- The Washington Times - Monday, December 12, 2005

A former top State Department official pleaded guilty yesterday in federal court in Virginia to unlawfully removing classified U.S. government documents, including some “top secret” material, and to making false official statements.

Donald W. Keyser, former principal deputy assistant secretary of state for East Asian and Pacific affairs, entered the plea before U.S. District Judge T.S. Ellis III, who scheduled sentencing for Feb. 24. Keyser faces eight years in prison, disqualification from holding any public office and $250,000 in fines.

Keyser, 62, of Fairfax, who was a highly regarded State Department official, had been extensively involved with and had responsibility for the U.S. policy in East Asia and the Pacific. He admitted to removing numerous classified documents from the State Department and transporting them to his home.

Prosecutors said the documents included those classified as top secret. They said numerous additional classified documents were found by FBI agents on a laptop computer and on floppy disks in Keyser’s home. They said Keyser had more than 3,600 documents in either hard copy or electronic form.

From 2002 to 2004, prosecutors said, Keyser, one of the nation’s leading analysts on China, had an undisclosed personal relationship with a Taiwanese national, Isabelle Cheng, who was employed by the National Security Bureau, which is the foreign-intelligence agency of the government of the Republic of China (Taiwan).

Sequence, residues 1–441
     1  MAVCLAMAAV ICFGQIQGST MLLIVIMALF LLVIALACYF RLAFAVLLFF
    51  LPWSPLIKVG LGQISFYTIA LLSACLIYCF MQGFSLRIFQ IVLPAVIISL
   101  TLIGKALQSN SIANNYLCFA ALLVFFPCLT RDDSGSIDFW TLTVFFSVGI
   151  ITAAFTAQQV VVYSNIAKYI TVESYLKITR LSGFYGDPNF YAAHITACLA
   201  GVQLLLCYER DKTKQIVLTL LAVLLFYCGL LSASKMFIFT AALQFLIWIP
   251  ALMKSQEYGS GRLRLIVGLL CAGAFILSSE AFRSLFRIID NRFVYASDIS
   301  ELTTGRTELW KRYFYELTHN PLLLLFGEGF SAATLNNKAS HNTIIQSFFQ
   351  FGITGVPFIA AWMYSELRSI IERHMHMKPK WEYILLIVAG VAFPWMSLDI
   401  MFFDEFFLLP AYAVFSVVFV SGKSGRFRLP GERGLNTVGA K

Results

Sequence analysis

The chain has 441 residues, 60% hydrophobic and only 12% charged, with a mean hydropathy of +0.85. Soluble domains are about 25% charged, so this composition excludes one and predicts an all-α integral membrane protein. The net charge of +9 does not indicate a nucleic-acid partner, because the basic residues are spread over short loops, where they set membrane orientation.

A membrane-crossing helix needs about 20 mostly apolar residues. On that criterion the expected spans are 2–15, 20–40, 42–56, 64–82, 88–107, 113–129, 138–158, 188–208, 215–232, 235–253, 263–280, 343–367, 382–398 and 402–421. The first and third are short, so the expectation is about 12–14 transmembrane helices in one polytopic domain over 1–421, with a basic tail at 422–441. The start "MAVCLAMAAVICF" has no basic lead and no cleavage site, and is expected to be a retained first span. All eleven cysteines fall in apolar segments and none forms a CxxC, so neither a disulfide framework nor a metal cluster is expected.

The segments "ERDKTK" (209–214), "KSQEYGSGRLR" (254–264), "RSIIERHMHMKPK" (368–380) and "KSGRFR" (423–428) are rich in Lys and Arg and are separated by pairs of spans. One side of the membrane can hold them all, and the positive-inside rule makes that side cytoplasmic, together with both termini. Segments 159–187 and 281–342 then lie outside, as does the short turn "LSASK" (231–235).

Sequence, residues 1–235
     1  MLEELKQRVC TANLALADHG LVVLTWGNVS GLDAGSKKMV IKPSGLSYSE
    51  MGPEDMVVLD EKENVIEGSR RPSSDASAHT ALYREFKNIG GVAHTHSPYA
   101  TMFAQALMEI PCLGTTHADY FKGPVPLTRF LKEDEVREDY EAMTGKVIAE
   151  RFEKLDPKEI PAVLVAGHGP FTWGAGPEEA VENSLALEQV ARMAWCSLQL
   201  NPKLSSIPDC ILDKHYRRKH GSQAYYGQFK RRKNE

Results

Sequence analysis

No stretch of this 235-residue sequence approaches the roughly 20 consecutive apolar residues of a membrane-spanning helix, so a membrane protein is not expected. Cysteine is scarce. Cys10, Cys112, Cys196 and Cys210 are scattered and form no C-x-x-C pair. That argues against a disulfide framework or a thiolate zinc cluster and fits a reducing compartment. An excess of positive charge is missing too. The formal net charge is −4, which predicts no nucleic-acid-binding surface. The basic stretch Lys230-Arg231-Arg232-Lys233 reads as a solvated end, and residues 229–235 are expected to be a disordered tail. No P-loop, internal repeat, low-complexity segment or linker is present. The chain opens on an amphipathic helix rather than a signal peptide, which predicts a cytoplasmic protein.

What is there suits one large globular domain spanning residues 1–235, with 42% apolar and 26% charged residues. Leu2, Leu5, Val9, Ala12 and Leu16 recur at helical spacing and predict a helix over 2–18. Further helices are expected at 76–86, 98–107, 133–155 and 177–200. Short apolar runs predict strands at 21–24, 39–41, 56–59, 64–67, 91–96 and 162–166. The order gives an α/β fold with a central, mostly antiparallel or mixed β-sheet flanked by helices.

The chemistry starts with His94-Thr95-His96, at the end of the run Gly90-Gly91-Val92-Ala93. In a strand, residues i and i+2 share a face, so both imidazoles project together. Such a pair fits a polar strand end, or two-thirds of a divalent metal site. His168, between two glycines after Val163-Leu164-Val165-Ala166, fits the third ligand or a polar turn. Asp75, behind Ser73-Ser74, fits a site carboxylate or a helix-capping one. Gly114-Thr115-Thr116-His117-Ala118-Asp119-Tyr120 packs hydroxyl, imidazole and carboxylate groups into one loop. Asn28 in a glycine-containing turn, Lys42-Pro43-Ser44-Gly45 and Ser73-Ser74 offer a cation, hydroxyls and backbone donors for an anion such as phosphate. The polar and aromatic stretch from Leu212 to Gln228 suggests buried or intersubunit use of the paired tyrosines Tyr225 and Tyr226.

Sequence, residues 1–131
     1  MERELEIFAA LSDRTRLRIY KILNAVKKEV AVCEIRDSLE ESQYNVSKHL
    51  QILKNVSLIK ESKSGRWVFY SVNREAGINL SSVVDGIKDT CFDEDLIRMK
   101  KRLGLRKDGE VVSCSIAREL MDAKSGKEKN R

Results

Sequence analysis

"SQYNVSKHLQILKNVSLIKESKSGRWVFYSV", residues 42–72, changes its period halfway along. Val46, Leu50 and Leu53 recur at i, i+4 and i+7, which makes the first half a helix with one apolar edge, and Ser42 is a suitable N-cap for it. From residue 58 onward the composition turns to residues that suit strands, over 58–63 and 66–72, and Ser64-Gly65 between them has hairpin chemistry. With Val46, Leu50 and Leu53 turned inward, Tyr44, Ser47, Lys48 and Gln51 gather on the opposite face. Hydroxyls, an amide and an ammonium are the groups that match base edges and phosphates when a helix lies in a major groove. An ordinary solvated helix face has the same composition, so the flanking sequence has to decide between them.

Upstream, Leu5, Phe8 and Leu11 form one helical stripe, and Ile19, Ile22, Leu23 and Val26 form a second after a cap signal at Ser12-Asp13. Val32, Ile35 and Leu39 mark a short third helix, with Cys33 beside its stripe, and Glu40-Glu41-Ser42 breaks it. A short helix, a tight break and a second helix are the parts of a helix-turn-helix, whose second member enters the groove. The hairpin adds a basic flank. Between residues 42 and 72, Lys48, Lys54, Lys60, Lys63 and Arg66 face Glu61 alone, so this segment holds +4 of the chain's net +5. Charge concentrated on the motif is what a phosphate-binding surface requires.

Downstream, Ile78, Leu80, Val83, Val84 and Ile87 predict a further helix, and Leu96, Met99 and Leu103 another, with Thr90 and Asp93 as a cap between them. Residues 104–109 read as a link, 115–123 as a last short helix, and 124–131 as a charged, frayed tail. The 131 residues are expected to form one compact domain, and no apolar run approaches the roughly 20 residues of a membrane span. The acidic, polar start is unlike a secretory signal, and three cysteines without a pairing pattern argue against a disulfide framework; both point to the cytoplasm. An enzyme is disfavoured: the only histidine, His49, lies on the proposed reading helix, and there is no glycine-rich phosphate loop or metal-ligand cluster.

Prosecutors said Keyser, who often advised Secretary of State Colin L. Powell on China issues, met with Ms. Cheng in Taiwan in September 2003, but on his return to the United States, submitted a Customs Declaration Form at Washington Dulles International Airport in which he falsely said he had visited only China and Japan.

They said that during an August 2004 interview with an investigator from the State Department’s Bureau of Diplomatic Security, Keyser falsely said he had not engaged in conduct that could make him vulnerable to coercion, exploitation or pressure from a foreign government.

Court documents said Keyser was not permitted to travel to Taiwan on official business because the United States and Taiwan do not have diplomatic relations.

An FBI affidavit in the case said Keyser met with two Taiwanese agents on a number of occasions in Washington, including at Potowmack Landing restaurant, where he handed them two envelopes “that appeared to bear U.S. government printing.”

“Those who are trusted to handle classified documents must not allow such material to be compromised in any way,” said U.S. Attorney Paul J. McNulty, whose office prosecuted the case.

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